The Treasures of Interactive Storytelling

Our next feature this week is written by children’s author Karen Robertson, who was inspired to find new ways for kids to interact with reading by her sons who weren’t keen readers. Her book, Treasure Kai and the Lost Gold of Shark Island, brings the sense of touch to reading with little toys integrated into a treasure-hunt adventure book. Her book app of the same name sends kids on a hunt for gold using touch to progress the story, in a twist on the choose-your-adventure format, with thousands of ways to find the gold.  She’s also the author of Author’s Guide to Book Apps, an eBook for children’s writers who are considering creating book apps. In this article she highlights the point that there is more than one way to tell a story. (Note: the Treasure Kai app will be specially priced this App Friday, June 10th!)

Story creators are flocking to the App Store with story book apps for kids. We’re seeing book apps from traditional authors and publishers, game creators and even film makers. There are a lot of apps to choose from and they vary widely in how they use touch, sound and animation.

As many developers have noticed, Apple is now directing apps that are “primarily content of a book” into iBookstore instead of the App Store because they aren’t “interactive enough.” [Editor’s Note: The definition of interactivity in books is evolving, and even iBookstore continues to change as illustrated by version 1.3 enabling more interactive features than before.] 

This makes me wonder about a gap I’m seeing in book apps: interactive storytelling, where the reader participates in how the story progresses, versus more linear book apps that read in one direction from front to back. But mobile devices deliver the ability to navigate a story in many other ways, through touch!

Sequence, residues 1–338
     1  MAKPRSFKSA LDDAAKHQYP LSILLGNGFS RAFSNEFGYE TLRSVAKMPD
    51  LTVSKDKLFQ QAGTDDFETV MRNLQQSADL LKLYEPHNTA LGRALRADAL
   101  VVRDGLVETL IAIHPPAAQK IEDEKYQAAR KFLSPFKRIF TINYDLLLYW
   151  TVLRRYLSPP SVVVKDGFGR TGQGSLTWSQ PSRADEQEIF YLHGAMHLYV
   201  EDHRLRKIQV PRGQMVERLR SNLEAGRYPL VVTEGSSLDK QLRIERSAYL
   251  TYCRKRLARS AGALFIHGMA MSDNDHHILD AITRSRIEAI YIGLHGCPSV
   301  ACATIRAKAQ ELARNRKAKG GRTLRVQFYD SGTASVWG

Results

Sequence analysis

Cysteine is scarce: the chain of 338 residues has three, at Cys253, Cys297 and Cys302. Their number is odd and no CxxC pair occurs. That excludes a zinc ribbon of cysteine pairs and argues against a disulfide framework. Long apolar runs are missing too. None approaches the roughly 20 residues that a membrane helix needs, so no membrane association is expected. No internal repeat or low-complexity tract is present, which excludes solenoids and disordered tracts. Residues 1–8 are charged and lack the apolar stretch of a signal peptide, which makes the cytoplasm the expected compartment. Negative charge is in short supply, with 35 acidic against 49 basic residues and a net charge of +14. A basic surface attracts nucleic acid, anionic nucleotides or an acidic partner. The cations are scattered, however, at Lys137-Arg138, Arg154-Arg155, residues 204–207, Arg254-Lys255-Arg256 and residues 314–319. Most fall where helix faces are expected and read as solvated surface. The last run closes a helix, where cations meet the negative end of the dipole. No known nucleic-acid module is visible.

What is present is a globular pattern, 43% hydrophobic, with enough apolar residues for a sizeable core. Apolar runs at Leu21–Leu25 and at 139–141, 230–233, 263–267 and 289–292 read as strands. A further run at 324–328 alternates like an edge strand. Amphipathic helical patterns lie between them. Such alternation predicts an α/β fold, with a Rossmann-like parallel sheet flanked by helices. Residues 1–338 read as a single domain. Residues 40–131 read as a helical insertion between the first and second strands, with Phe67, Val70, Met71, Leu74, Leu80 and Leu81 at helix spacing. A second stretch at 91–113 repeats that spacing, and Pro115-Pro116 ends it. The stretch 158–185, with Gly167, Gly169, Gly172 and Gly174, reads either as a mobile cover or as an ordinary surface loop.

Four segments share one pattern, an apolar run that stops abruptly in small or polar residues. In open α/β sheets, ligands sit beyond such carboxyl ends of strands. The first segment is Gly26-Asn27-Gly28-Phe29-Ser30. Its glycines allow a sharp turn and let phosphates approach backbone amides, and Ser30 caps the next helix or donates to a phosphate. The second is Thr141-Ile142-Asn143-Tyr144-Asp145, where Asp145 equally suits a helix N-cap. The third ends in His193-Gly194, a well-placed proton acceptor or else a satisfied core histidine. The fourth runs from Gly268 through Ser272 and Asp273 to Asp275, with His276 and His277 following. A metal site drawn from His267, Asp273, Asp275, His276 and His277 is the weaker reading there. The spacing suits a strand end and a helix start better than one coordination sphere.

Most of us remember the “choose-your-own-adventure” books from our childhood where we made decisions that influenced how the story unfolded. Mobile devices are perfect for this type of storytelling because you can easily jump around within a story, based on decisions made or items touched.

Maybe we’re having trouble defining which digital books belong in iBookstore and which ones belong to the App Store because the bar is being raised every day for how a story can come to life through touch, sight and sound. I believe that a good book app engages kids with story in an interactive way, and that the picture books with a few bells and whistles do belong in iBookstore. I’d like to see more writers creating stories that really leverage the functionality of these devices, and interactive storytelling is just another string to the book app creator’s bow.

Here are some examples of book apps that are using interactive or non linear storytelling:

Treasure Kai and the Lost Gold of Shark Island – a twist on the choose-your-adventure format, this book app sends kids on a treasure hunt for gold. The child randomly taps on treasure chests to progress the story and find gold, or clues that lead to adventures. There are thousands of ways to reach the treasure.

Violet and the Mystery Next Door – Violet is “Phantom Girl” who solves mysteries. In this book app, the child is presented with a few decisions to make. For example “What do you think, did he see them sneaking up behind him? Yes/No.” 

Loris and the Runaway Ball – In “Loris,” the child has three choices for how to get her ball after it rolls into the street (all good ideas like asking her dad, neighbour or brother to help) and the story has a choose-your-own-adventure quality. Ideal for very young kids

Zoobert in Zoobert’s Bigger DayIn Zoobert, the child shakes the device after each page to progress the story, with three possible scenarios for every page turn. For example, how should Zoobert get out of the sock drawer – rope, parachute or sneeze? So the story changes with each reading. 

Choose Your Own Adventure – Return to Atlantis– The classic series for iPhone and iPod Touch. At the end of each page, the reader is presented with a choice to make and there are 18 different endings

A special “thank you” to Carisa Kluver of Digital Storytime ( who provided two examples of apps that use interactive storytelling.

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